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PLoS One. 2010; 5(10): e13746.
Published online 2010 October 29. doi:  10.1371/journal.pone.0013746
PMCID: PMC2966415

Short- and Long-Term Biomarkers for Bacterial Robustness: A Framework for Quantifying Correlations between Cellular Indicators and Adaptive Behavior

Pere-Joan Cardona, Editor

Abstract

The ability of microorganisms to adapt to changing environments challenges the prediction of their history-dependent behavior. Cellular biomarkers that are quantitatively correlated to stress adaptive behavior will facilitate our ability to predict the impact of these adaptive traits. Here, we present a framework for identifying cellular biomarkers for mild stress induced enhanced microbial robustness towards lethal stresses. Several candidate-biomarkers were selected by comparing the genome-wide transcriptome profiles of our model-organism Bacillus cereus upon exposure to four mild stress conditions (mild heat, acid, salt and oxidative stress). These candidate-biomarkers—a transcriptional regulator (activating general stress responses), enzymes (removing reactive oxygen species), and chaperones and proteases (maintaining protein quality)—were quantitatively determined at transcript, protein and/or activity level upon exposure to mild heat, acid, salt and oxidative stress for various time intervals. Both unstressed and mild stress treated cells were also exposed to lethal stress conditions (severe heat, acid and oxidative stress) to quantify the robustness advantage provided by mild stress pretreatment. To evaluate whether the candidate-biomarkers could predict the robustness enhancement towards lethal stress elicited by mild stress pretreatment, the biomarker responses upon mild stress treatment were correlated to mild stress induced robustness towards lethal stress. Both short- and long-term biomarkers could be identified of which their induction levels were correlated to mild stress induced enhanced robustness towards lethal heat, acid and/or oxidative stress, respectively, and are therefore predictive cellular indicators for mild stress induced enhanced robustness. The identified biomarkers are among the most consistently induced cellular components in stress responses and ubiquitous in biology, supporting extrapolation to other microorganisms than B. cereus. Our quantitative, systematic approach provides a framework to search for these biomarkers and to evaluate their predictive quality in order to select promising biomarkers that can serve to early detect and predict adaptive traits.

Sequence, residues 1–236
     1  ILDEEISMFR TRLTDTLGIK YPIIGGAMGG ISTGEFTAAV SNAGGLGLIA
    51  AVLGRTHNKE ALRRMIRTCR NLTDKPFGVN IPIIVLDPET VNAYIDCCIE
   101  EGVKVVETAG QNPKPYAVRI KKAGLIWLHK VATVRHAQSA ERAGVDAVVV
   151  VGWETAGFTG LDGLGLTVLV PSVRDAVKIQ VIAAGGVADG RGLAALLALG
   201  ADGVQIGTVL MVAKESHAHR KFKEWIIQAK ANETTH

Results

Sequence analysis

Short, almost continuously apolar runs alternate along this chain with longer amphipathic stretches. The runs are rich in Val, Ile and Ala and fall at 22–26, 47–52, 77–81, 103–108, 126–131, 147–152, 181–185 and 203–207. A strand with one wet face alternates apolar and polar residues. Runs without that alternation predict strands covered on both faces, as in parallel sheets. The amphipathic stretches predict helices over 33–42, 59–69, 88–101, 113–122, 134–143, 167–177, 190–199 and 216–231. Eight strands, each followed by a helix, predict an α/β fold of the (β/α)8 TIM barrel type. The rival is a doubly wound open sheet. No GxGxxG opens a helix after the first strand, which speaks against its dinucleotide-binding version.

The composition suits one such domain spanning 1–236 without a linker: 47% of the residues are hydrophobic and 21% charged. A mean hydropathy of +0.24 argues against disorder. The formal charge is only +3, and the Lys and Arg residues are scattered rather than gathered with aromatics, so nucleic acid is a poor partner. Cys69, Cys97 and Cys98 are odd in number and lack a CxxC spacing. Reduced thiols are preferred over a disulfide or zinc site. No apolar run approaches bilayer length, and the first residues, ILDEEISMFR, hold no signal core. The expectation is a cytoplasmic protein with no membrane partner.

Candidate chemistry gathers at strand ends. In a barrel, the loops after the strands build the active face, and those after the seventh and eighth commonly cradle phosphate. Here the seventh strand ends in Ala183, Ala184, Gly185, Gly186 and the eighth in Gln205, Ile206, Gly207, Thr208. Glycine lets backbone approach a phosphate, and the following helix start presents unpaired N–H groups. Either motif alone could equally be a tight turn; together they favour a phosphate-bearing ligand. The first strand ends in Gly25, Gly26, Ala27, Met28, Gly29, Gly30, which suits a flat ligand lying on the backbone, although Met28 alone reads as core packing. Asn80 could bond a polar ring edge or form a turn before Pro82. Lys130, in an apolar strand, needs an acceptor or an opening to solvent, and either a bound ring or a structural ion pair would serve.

Introduction